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Revista Brasileira de Zootecnia

Print version ISSN 1516-3598On-line version ISSN 1806-9290

R. Bras. Zootec. vol.37 no.spe Viçosa July 2008 

Forage based animal production systems and sustainability, an invited keynote



Abdul Shakoor Chaudhry

School of Agriculture, Food and Rural Development, Newcastle University, United Kingdom, NE1 7RU




Forages are essential for the successful operation of animal production systems. This is more relevant to ruminants which are heavily dependant upon forages for their health and production in a cost-effective and sustainable manner. While forages are an economical source of nutrients for animal production, they also help conserve the soil integrity, water supply and air quality. Although the role of these forages for animal production could vary depending upon the regional preferences for the animal and forage species, climate and resources, their importance in the success of ruminant production is acknowledged. However with the increasing global human population and urbanisation, the sustainability of forage based animal production systems is sometimes questioned due to the interrelationship between animal production and the environment. It is therefore vital to examine the suitability of these systems for their place in the future to supply quality food which is safe for human consumption and available at a competitive price to the growing human population. Grassland and forage crops are recognised for their contribution to the environment, recreation and efficiency of meat and milk production,. To maintain sustainability, it is crucial that such farming systems remain profitable and environmentally friendly while producing nutritious foods of high economical value. Thus, it is pertinent to improve the nutritive value of grasses and other forage plants in order to enhance animal production to obtain quality food. It is also vital to develop new forages which are efficiently utilised and wasted less by involving efficient animals. A combination of forage legumes, fresh or conserved grasses, crop residues and other feeds could help develop an animal production system which is economically efficient, beneficial and viable. Also, it is crucial to use efficient animals, improved forage conservation methods, better manure handling, and minimum fertilisers to maximise animal production without damaging the environment. The sensible use of supplements and herbal additives as the desirable alternatives to the conventional growth promoters could also help optimise the ruminant production. This paper examines the opportunities and obstacles which may affect the development of more desirable and sustainable animal production systems for the future.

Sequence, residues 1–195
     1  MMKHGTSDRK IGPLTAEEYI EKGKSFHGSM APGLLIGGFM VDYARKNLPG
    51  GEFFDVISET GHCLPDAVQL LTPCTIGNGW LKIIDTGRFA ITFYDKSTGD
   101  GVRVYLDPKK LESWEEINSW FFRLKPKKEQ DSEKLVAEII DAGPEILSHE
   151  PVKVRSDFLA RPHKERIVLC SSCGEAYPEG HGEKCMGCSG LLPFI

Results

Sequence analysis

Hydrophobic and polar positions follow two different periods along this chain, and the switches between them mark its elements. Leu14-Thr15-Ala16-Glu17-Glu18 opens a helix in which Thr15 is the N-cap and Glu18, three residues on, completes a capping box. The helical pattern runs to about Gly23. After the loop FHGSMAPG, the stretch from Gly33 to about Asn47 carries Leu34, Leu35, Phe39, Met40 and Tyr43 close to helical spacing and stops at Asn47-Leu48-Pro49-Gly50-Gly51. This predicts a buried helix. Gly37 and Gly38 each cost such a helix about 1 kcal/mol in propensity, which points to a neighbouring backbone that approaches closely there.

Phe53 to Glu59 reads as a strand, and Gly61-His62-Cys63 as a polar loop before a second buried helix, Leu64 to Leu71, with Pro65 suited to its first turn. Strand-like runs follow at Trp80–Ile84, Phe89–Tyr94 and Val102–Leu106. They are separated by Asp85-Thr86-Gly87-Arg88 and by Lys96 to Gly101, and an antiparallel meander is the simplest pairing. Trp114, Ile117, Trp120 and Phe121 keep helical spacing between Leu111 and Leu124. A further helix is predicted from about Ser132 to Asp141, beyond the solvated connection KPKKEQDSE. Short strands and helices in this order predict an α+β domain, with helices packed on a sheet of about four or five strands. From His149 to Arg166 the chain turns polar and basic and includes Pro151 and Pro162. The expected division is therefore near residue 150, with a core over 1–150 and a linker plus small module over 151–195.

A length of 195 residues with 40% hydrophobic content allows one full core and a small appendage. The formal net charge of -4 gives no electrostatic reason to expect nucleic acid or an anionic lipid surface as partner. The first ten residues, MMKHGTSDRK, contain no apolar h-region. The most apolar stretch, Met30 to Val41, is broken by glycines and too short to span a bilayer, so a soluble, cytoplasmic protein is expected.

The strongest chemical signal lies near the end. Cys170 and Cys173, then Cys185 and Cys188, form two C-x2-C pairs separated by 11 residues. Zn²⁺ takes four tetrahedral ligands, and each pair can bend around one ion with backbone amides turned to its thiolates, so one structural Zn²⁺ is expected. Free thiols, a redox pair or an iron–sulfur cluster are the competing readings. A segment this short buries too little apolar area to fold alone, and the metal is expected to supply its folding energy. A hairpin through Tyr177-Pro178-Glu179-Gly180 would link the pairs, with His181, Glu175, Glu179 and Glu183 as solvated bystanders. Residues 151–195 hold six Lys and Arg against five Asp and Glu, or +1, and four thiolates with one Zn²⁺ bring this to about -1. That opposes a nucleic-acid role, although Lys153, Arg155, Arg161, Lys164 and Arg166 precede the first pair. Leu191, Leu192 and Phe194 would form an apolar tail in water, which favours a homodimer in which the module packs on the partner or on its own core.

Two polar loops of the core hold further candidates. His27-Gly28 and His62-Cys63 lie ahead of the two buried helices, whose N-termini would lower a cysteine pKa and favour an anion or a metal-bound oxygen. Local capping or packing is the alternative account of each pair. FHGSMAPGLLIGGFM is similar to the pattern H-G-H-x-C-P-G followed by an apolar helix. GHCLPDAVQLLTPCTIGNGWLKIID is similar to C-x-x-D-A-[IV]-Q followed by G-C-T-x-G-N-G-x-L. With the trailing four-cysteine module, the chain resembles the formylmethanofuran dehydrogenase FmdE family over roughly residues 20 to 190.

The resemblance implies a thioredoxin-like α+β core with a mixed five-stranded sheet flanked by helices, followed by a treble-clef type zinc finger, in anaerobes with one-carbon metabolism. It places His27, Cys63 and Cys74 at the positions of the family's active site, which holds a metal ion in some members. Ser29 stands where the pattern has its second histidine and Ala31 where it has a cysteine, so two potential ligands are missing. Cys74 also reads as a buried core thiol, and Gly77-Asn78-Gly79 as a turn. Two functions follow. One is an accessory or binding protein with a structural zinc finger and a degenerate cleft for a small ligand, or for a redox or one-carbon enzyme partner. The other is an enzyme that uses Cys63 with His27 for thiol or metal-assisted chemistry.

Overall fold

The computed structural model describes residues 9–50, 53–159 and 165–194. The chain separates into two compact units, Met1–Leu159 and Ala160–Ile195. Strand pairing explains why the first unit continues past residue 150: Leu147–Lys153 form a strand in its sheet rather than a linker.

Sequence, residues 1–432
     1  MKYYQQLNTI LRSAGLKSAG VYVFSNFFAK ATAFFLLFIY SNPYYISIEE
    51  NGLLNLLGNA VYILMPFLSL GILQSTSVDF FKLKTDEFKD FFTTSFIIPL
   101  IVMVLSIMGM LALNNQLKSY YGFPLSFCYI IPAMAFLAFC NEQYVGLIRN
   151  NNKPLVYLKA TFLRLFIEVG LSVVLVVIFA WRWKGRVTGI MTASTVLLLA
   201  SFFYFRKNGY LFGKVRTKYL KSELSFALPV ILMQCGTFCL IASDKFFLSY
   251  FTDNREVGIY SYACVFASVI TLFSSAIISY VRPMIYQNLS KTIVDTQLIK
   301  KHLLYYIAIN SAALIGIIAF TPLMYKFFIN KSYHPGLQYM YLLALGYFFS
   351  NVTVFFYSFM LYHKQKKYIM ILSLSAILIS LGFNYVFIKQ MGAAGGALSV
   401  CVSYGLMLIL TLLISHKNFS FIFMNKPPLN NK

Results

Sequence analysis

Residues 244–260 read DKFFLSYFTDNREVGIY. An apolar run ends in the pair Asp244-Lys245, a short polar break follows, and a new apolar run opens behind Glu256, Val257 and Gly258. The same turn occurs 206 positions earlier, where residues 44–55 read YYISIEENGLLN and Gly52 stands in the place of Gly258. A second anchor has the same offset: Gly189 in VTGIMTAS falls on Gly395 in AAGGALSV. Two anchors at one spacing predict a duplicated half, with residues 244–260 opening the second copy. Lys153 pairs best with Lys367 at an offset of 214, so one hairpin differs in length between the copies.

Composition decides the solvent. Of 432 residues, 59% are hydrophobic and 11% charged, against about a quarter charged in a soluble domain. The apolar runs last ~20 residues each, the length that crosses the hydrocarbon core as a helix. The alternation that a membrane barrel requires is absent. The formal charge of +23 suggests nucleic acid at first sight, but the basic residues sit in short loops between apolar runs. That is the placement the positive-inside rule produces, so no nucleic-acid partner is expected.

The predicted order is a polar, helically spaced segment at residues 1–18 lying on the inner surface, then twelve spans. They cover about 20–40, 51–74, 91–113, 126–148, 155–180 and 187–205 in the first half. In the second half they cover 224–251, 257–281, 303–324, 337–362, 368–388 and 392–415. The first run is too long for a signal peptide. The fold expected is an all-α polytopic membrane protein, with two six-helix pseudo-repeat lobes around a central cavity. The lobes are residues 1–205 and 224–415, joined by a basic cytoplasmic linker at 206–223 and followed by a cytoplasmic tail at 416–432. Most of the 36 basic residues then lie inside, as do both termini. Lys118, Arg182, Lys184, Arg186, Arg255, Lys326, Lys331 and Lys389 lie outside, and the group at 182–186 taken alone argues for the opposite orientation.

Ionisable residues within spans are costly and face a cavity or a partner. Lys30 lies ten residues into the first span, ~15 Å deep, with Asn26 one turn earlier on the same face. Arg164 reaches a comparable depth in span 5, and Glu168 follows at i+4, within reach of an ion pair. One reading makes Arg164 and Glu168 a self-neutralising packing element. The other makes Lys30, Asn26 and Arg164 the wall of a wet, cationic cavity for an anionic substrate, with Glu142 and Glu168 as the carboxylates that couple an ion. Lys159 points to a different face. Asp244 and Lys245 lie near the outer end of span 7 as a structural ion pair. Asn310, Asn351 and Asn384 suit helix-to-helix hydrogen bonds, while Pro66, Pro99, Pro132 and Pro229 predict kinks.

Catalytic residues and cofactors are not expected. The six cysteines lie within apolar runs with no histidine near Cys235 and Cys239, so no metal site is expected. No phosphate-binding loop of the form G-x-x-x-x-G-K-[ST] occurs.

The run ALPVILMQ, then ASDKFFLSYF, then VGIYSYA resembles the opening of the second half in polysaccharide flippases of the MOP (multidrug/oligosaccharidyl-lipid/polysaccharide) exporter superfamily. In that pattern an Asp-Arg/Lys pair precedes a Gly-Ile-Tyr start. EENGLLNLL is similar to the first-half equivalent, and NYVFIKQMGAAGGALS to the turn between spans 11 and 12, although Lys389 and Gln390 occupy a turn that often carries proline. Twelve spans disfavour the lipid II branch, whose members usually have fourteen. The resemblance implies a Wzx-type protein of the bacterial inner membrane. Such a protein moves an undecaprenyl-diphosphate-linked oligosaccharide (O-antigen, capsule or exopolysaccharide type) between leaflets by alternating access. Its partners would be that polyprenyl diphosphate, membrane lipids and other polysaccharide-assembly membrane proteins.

Keywords: Animal Production Systems; Forages; Ruminants; Sustainable




Forage based animal production plays a crucial role in the affordable supply of nutrient rich foods for the humans. However, over the past 60 years, animal production has changed substantially due to the concerted efforts in modern technology, animal breeds, management, growth promoters, feed additives and financial incentives. The benefits of these efforts are more visible in the developed world where animal derived food production has soared involving fewer but bigger farms. Despite this global increase in animal derived foods, about 1 billion people are still regarded as either undernourished or living in poverty (FAO, 2000). While, the corporate farming is beneficial in terms of effective management and food security, it has created issues of animal welfare, environment, food safety and social aspects of family farming. As large scale farming involves high inputs, it can damage animal health, food safety, soil quality, subsoil water and wildlife. Moreover, intensive Livestock farming has affected the social aspects of small scale family farmers and other countryside inhabitants.